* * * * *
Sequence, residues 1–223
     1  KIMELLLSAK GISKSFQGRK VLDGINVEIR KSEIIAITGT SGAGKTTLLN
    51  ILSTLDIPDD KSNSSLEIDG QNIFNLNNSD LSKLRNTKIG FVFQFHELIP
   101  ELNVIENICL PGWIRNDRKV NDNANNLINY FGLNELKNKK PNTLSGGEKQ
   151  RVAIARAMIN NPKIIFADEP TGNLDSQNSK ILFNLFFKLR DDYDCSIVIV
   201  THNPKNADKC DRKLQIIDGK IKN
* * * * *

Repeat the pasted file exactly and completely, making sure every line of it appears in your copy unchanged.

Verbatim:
Sequence, residues 1–223
     1  KIMELLLSAK GISKSFQGRK VLDGINVEIR KSEIIAITGT SGAGKTTLLN
    51  ILSTLDIPDD KSNSSLEIDG QNIFNLNNSD LSKLRNTKIG FVFQFHELIP
   101  ELNVIENICL PGWIRNDRKV NDNANNLINY FGLNELKNKK PNTLSGGEKQ
   151  RVAIARAMIN NPKIIFADEP TGNLDSQNSK ILFNLFFKLR DDYDCSIVIV
   201  THNPKNADKC DRKLQIIDGK IKN